Just a few ideas.
     
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  13. Bryan Romer
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    Bryan Romer Contributing Member Contributor

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    The hard part would be coming up with a reason why the father would allow his daughter to know anything worthwhile in the first place. Unless he is incompetent or stupid, he should be keeping such secrets well away from his family. Most people dealing in secrets are required by their employers to do exactly that.

    The daughter may know that her father is a .............. but the spy already knows that, since he made the effort to work his way into the household in the first place.
     
  14. CharlestsWhitfield
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    CharlestsWhitfield Member

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    @Bryan Romer - The father doesn't let the daughter know anything. However, the spy assumes that after the daughter gets kicked out of the house, he has a valuable asset. He questions her to see if her father has done anything suspicious e.x the father has a secret meeting, and the daughter is aware, but stayed quiet. Maybe the daughter is afraid to leave or go tell someone in fear that her father might do something, i.e attempt to kill her. The father doesn't have to tell her anything, but what happens if he made a small mistake and the daughter notices, for example he goes out at late hours of the night, when he assumes everyone is sleeping.

    @Morbius - Thanks for the advice and thoughts. I don't want to give too much away, but as you said, the daughter doesn't know details, but maybe shes seen something suspicious, or notice that her father goes somewhere late at night with no explanation. As I said in my above post, she may know something i.e a secret meeting, but she doesn't know what about, maybe she saw information being exchanged and is too afraid to say anything. If she tells the spy that she saw e.x information being exchanged, the spy may want to follow the father the next time he goes out, maybe check the area for any surveillance. She has enough to make the spy wonder and follow.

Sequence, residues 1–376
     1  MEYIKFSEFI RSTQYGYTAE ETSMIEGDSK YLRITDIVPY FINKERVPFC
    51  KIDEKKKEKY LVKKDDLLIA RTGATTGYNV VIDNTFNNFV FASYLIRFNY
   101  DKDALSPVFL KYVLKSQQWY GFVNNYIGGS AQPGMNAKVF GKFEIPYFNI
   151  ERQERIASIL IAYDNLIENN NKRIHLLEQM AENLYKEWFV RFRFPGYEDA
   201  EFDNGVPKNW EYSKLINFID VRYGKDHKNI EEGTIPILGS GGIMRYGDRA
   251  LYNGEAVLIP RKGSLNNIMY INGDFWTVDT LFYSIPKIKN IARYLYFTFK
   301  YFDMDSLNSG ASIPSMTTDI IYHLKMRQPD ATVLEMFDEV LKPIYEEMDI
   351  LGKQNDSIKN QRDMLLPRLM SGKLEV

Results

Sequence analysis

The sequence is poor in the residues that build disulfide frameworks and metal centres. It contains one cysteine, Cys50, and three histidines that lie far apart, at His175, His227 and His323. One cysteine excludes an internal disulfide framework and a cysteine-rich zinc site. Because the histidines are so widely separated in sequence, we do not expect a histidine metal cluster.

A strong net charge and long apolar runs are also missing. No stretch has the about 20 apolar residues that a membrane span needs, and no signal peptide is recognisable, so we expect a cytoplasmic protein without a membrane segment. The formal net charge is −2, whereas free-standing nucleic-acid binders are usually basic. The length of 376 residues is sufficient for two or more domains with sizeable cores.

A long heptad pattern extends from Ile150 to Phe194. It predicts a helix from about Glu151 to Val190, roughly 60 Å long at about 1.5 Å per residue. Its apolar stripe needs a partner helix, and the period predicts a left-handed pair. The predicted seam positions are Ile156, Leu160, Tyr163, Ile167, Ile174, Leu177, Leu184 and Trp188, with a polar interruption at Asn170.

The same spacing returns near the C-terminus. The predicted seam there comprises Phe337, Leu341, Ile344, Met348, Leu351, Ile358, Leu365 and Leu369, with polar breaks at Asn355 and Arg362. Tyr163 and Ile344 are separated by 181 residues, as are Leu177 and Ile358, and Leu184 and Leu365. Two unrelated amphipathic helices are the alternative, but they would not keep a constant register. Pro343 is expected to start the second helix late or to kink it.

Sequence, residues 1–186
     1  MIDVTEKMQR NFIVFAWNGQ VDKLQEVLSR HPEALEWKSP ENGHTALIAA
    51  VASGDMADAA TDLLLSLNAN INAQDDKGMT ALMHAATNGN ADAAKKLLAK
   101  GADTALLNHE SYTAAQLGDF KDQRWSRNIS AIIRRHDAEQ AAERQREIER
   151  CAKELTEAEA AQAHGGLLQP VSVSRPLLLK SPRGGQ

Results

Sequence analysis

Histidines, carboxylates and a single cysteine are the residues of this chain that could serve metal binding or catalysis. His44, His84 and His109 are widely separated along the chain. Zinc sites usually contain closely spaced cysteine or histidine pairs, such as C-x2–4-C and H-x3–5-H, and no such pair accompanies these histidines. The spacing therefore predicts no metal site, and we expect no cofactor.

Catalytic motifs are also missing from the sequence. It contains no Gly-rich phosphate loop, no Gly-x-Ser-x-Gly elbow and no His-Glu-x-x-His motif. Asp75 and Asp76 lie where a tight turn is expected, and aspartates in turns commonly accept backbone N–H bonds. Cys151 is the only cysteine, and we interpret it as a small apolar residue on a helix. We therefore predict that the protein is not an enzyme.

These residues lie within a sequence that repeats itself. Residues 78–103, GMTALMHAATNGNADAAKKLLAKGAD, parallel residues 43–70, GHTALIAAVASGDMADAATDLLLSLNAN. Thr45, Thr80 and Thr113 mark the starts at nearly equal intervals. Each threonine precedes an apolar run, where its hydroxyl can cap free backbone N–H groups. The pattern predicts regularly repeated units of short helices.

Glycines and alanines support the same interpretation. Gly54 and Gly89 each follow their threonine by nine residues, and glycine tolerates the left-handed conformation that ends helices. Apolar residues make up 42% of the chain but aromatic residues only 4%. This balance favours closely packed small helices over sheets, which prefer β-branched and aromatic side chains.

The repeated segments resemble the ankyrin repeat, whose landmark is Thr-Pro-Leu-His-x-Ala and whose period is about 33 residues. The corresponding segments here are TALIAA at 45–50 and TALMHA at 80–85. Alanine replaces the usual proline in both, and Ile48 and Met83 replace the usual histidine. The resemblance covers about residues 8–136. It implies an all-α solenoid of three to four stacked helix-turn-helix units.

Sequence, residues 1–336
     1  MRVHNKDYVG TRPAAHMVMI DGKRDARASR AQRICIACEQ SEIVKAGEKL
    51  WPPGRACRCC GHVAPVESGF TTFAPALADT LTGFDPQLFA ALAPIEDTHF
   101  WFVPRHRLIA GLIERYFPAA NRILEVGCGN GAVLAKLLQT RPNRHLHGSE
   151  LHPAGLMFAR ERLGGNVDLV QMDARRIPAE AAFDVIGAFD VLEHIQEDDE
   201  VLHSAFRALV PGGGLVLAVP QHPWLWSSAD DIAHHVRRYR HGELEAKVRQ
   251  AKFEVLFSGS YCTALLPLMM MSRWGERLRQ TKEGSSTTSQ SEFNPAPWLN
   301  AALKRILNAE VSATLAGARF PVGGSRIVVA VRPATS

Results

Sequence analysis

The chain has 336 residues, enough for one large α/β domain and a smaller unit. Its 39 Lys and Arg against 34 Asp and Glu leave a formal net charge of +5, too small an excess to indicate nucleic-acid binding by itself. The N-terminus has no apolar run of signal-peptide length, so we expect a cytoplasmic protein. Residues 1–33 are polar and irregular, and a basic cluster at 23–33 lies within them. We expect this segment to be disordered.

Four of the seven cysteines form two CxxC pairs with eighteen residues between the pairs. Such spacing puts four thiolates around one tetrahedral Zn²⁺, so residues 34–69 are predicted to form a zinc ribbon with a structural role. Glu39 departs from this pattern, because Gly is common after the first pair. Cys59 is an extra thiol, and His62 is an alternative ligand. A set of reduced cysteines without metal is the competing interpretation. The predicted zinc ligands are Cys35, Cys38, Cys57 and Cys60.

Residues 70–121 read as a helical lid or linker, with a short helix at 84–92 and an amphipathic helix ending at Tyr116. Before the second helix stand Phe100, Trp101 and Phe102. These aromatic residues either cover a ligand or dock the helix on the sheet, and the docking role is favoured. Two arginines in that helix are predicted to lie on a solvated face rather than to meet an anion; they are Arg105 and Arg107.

Last edited: Jan 27, 2014
  15. TLK
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    TLK Active Member

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    It's not so much the fact that the spy has assumed the daughter knows anything of value that's the issue here, more the fact that that I certainly wouldn't expect a daughter to suddenly help someone who's just broken in to her/her parents' home, without good reason to, anyway.

    I guess one way around it is to say that the daughter really hates her father/mother (whoever the target is), which would be quite a nice addition, in my opinion. But it's your story.
     
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  16. CharlestsWhitfield
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    CharlestsWhitfield Member

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    @TLK - I don't mind sharing this. The daughter gets kicked out of the house and my lucky spy hears the entire conversation that starts it. He figures he has a valuable asset and
    decides to check it out. He's making an assumption about the daughter. I just wanted to know if it was a plausible assumption, to assume that the daughter, given a place to stay, would in return give valuable information to the spy.
     
  17. PBrady
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    PBrady Active Member